Kittinger certainly had the Right Stuff, as did those who ultimately went to the moon on board Apollo 11 — forty years ago this week. At the time I wrote this story (sometime in summer 2007), Apollo’s legacy seemed to be being squandered: the picture being painted was of drunken and occasionally lunatic astronauts being shot infrequently into space using dangerous, vulnerable and expensive technology to accomplish missions that offered little by way of useful knowledge and still less by way of inspiration.
Some of that picture turned out to be unfair or misleading, and things look brighter now, but it still seems more likely to me that it’ll be private enterprise, not public spirit, that will drive the human race to conquer the high frontier (never mind the final one). That in turn suggests there will be fewer giant leaps for mankind and more jollies for the ultra-wealthy. In fact, something akin to the space-diving scenario that’s outlined in this story showed up in the press a few months later, billed as the ultimate extreme sport. And speaking of the final frontier, it made an appearance in the new Star Trek movie too.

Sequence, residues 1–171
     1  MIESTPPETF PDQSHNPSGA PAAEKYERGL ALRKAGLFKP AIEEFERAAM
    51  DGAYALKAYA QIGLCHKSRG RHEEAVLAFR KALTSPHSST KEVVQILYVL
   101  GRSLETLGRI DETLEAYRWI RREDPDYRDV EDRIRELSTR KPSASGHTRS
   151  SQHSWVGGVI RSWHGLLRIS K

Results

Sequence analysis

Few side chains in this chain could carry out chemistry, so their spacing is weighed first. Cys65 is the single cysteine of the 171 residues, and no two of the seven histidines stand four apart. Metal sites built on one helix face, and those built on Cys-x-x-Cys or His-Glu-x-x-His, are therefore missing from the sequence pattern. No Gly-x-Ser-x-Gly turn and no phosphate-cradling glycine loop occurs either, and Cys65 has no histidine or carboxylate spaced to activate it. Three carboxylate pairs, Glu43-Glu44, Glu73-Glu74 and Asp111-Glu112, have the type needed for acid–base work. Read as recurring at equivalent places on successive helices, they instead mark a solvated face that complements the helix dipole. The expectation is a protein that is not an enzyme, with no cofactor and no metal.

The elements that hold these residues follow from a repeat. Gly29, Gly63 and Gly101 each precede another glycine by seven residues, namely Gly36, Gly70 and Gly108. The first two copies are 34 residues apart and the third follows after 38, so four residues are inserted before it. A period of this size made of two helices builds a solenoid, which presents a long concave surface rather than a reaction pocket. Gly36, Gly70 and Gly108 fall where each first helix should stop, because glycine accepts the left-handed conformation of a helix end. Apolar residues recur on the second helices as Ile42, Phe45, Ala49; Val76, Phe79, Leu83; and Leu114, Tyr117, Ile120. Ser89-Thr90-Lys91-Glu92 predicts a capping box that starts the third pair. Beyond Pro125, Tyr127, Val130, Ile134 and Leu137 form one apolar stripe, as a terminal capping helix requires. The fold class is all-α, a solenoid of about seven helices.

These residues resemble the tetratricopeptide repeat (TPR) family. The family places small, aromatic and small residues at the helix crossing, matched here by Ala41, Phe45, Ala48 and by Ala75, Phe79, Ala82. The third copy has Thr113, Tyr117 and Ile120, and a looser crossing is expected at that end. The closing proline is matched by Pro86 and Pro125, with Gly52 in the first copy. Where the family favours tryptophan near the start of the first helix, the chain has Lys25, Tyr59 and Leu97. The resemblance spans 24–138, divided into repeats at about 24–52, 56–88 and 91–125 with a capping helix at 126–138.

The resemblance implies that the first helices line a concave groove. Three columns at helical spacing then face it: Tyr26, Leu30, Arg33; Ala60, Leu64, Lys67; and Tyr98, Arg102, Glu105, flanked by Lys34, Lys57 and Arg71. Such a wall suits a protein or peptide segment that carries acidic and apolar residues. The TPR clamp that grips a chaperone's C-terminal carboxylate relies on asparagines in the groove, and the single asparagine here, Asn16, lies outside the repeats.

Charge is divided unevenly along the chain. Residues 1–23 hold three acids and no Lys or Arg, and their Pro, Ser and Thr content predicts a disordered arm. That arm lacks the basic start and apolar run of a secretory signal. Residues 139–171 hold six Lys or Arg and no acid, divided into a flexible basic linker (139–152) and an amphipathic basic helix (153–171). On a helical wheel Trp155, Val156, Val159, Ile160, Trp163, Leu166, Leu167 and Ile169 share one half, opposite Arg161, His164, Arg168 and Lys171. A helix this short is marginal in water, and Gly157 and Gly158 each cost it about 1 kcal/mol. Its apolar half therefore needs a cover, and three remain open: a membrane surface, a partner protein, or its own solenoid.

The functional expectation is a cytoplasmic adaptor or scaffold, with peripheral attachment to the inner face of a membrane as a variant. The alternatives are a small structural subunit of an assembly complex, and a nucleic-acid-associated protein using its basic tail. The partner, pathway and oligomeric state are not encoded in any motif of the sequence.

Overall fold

Not that any of this was at the forefront of my mind when I sat down to write this piece at my
writing group – in fact, I had little idea what I was going to write about at all, and this story just seemed to arrive fully-formed. The only thing I had was an impression of what it might be like to ride a rocket (possibly inspired by a couple of YouTube videos from the point of view of a Shuttle Booster – thanks, Will!) The following Saturday, I went to see the London leg of the Red Bull Air Race, in which light planes flew a challenging, low-level course over the Thames – a return to magnificent men in their flying machines. I think the inspiration for this story somehow travelled backwards in time.
The title is a nod to King of the Rocket Men, an old-school black-and-white serial that I was thrilled by as a child. Even then, its jetpack-toting brand of adventure was wildly antiquated– the show was already thirty years old when I first saw it – but there’s something enduringly delightful about the combination of euphoric flight and derring-do. The rocketman motif has been revisited in a spirit of bittersweet nostalgia a few times since, but my favourite take on the concept is in Ex Machina, a superb comic described by its writer Brian K Vaughn as “The West Wing meets Unbreakable“.
This piece has stuck with me since the first time I heard it. A wonderful ride, beautifully executed. It makes me wish it was true.
For the armchair adventurer: now you can go orbital skydiving on planets that don’t even exist.